New legislation emphasizing the positive aspects of French colonial history is stirring an uproar in France. The discord feeds into the debate on problems of integrating the country's ethnic immigrants, following last months riots. France's prime minister also appears to oppose the law.
The law in question calls for teaching the positive aspects of France's colonial history in French public schools, as well as the negative ones. It sailed through French parliament with very little attention last February. But when France's conservative-dominated parliament voted to keep the law in place last week, a storm of criticism ensued.
Critics of the legislation include President Abdelaziz Bouteflika of Algeria, which fought a long and bloody war of independence from France. But many other opponents, ranging from leftist French lawmakers and immigration rights groups, have also called for the legislation to be rescinded.
Mouloud Aounit, the head of the Paris-based anti-discrimination group MRAP, explains why.
Mr. Aounit says its up to historians to interpret France's colonial past and not for French lawmakers to dictate what should be taught in public schools. His views echo those of many other critics, including Algerian Rabah Mahiout.
Mr. Mahiout, who lives in Paris, fought in Algeria's war of independence, half a century ago.
Mr. Mahiout says by definition colonialism is not a humanitarian mission - it is about exploiting others. He says France may have built a few schools and hospitals during its long occupation of Algeria, but it basically did the minimum.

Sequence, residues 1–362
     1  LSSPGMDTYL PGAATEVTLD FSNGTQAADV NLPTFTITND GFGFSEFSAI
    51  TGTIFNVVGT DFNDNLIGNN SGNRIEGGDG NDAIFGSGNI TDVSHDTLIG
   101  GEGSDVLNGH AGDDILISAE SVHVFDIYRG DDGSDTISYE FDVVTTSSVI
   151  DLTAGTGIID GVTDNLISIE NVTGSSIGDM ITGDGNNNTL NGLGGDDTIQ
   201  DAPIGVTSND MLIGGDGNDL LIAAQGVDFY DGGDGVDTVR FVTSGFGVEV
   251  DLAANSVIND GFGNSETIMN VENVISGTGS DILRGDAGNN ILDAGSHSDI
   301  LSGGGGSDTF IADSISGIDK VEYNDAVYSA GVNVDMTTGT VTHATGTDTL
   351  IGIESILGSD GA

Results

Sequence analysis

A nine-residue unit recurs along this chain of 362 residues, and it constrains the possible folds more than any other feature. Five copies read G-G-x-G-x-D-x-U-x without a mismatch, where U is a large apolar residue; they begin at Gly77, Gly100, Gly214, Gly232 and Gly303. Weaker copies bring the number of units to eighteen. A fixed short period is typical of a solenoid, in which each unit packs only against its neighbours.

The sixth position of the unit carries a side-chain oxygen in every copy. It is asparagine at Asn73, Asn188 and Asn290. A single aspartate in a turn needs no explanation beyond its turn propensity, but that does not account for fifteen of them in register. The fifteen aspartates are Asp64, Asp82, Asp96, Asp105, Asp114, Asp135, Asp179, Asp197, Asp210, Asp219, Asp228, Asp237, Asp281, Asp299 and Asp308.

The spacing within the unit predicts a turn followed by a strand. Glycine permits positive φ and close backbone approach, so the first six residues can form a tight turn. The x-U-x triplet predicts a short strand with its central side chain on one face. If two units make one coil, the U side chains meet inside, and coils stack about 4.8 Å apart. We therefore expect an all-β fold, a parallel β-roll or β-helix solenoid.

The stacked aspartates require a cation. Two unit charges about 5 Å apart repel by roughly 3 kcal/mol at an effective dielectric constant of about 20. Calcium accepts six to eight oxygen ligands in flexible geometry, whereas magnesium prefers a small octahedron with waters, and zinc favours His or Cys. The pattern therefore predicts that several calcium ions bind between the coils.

Supporters of the legislation argue they are merely trying to offer a balanced picture of France's colonial past. But that has not calmed the uproar.
France's interior minister, Nicolas Sarkozy, even canceled a trip this week to the French Antilles, where protest groups had planned to stage rallies against the legislation. And in Martinique, Aime Cesaire, one of France's most prominent writers about French colonialism, had refused to meet with Mr. Sarkozy.
Now it appears the country's center-right government may be backtracking on the legislation. During a radio interview, French Prime Minister Dominique de Villepin called for dialogue, rather than confrontation.
Mr. de Villepin also told France's RTL radio that it was not up to politicians to write French history. He said that was a rule France must remain faithful to. That statement appeared to side with those who call for repealing the law.
Some experts believe the French legislation aimed to gain support from the country's far right voters before the 2007 presidential elections. But lawmakers clearly did not expect it would spark so much anger on the part of many other French.